Fire In A RV


Know Where To Turn Things Off

Everyone in your party should know how to unhook the electricity, and close the propane valves. They should know where the fire extinguishers are, and how to turn them on and off. Every RV should have a fire extinguisher in the bedroom, kitchen, and engine compartment. It is also a great idea to have an extinguisher prepared and accessible outside the trailer.

Inspect Your Location

When traveling, spend time getting to know your location. Are there neighbors who could help in an emergency? Do you have access to a phone? Are you parked amongst the underbrush or trees (both of which are  flammable)? “Safety first” can save lives.


Install Fire Alarms along with CO Detectors

Fire alarms save lives. Make sure to update your fire alarms in your rig, and don’t forget the CO detectors. Campers can emit a variety of unsafe gasses. By installing a CO detector, you will avoid deadly, preventable accidents.

Practice Unhooking In A Hurry

Whether you tow or are towed, you must know how to unhook your vehicle in an emergency. Practice working together as a team, and time your efforts. The faster you can unhook in the day-to-day, the better prepared you will be for a fire in an RV.

Fire in a RV


Certify Your Propane Systems

Many RV’s rely on propane systems to cook the food, and keep the fridge cold. While propane is easy to use, it is also one of the deadliest features in a rig. Be sure to shut the propane off before moving your rig. Your fridge can stay cold for many hours, without having the propane tanks on. Always check your flue before taking your rig out of storage. (A bird’s nest can be dangerous.) Remember, propane burners can overheat. Watch the back of your fridge, to make sure it does not overheat. Err on the side of caution, and have your propane systems inspected and certified every year.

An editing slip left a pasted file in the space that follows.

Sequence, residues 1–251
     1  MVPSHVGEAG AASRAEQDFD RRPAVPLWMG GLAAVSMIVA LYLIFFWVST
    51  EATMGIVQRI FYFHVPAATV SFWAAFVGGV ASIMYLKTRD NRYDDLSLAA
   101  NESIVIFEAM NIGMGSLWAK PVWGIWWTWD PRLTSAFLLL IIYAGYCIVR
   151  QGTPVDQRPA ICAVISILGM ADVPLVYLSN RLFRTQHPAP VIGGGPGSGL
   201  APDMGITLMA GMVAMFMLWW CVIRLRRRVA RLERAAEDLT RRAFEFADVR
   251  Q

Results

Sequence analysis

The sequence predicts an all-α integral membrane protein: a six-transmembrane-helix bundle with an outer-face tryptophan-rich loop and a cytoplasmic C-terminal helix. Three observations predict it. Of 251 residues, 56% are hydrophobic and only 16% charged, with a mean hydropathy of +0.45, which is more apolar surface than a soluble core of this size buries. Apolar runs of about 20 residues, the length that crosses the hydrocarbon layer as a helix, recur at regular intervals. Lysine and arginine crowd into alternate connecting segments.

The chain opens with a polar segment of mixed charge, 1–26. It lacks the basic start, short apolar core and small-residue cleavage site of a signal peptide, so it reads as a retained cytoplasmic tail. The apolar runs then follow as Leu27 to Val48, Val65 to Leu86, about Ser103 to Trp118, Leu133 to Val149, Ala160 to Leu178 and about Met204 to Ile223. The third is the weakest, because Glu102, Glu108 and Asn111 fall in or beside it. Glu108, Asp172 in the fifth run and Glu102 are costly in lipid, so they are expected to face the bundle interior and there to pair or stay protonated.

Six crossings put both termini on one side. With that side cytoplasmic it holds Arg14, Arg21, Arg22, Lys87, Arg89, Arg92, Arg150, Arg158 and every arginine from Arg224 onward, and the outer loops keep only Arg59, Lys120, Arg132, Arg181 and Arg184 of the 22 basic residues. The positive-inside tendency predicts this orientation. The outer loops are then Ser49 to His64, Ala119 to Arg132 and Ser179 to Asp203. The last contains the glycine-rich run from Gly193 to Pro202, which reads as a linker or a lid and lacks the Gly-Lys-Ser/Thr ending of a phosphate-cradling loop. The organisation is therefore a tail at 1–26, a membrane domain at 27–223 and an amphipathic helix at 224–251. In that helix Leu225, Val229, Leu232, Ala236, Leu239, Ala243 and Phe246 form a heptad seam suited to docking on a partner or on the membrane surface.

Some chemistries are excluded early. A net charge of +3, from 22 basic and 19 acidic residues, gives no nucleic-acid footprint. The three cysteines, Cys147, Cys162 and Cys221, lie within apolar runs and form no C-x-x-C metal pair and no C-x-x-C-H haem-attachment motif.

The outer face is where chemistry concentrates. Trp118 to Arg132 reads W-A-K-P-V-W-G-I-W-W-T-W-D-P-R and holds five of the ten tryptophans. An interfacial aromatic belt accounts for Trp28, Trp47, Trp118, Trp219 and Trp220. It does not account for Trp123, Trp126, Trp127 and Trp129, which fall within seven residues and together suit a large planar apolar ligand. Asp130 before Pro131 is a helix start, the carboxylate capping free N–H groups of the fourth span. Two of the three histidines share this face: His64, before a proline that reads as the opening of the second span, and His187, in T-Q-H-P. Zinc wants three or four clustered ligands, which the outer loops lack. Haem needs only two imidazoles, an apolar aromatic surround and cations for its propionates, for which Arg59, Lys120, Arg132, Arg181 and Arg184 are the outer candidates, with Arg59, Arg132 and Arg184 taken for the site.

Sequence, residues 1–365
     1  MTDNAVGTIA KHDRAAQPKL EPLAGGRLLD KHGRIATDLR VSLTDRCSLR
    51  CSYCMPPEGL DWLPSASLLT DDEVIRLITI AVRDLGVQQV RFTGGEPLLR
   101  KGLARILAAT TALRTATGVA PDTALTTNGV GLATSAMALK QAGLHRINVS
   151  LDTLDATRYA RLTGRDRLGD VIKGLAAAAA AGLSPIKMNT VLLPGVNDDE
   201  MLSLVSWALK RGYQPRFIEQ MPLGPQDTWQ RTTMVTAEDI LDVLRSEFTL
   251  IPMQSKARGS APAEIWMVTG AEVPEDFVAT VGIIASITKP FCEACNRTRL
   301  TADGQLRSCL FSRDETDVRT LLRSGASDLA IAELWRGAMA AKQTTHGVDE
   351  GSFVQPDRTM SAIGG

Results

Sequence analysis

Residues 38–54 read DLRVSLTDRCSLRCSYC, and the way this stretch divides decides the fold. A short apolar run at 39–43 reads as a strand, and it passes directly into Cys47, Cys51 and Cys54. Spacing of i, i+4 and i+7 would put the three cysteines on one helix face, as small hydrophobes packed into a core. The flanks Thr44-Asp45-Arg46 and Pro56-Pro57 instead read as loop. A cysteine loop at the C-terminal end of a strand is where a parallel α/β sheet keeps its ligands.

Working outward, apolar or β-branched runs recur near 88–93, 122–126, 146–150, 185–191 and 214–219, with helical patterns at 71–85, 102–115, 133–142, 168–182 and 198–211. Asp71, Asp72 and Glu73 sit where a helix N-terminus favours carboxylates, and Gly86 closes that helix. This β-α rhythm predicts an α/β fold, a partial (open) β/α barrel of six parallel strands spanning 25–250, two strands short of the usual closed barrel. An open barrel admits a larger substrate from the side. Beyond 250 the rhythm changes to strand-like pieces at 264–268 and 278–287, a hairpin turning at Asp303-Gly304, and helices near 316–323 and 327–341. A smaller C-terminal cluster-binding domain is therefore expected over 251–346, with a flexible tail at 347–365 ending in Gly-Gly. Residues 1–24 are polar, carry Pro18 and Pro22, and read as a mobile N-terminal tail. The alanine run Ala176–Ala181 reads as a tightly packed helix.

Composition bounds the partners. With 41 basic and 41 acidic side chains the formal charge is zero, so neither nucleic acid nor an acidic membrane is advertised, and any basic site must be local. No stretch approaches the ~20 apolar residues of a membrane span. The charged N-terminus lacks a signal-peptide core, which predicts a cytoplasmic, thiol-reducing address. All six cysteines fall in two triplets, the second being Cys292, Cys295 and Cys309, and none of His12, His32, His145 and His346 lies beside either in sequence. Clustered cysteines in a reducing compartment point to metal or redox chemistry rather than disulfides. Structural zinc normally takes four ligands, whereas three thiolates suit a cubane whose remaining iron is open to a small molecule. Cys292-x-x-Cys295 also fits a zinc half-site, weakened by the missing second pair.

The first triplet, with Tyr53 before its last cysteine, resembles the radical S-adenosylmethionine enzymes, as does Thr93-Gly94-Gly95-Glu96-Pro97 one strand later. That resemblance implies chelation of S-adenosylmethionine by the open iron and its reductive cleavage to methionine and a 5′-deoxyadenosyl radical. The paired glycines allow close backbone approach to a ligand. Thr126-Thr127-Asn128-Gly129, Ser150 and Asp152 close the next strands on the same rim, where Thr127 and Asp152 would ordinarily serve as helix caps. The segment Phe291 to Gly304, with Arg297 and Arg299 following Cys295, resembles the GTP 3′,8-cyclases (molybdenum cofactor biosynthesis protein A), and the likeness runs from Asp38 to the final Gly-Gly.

Fire in a RV

Store Combustibles The Right Way

Soiled rags, damp charcoal, batteries, and kitchen items can all cause spontaneous combustion. Keep all flammable items in containers with lids. It’s better to be safe than sorry. Remember, your gallery is a fire waiting to happen. Keep paper products, curtains, dish towels, etc. away from the stove at all times.

RV Rally


Additional training is available at many of the big RV rallies. Whether you own an Airstream, or drive a Newell, RV rallies abound. Check online for a list of events. Escapees, Good Sam’s, and Family Motor Coach each host a large event every year. Fire safety is a hot (no pun intended!) topic at these rallies, so be sure to sign up for a session and swap ideas with other RV owners. Mac the Fire Guy has spent over 13 years teaching hands-on fire safety, and also offers a variety of safety and fire resources. He is often at the rallies, ready to help you avoid disaster.

Following these safety suggestions will help you avoid a fire in an RV. Ironically, the fifth wheel first mentioned in the article was a “K-Z Inferno.” Can you say ironic?

What do you think?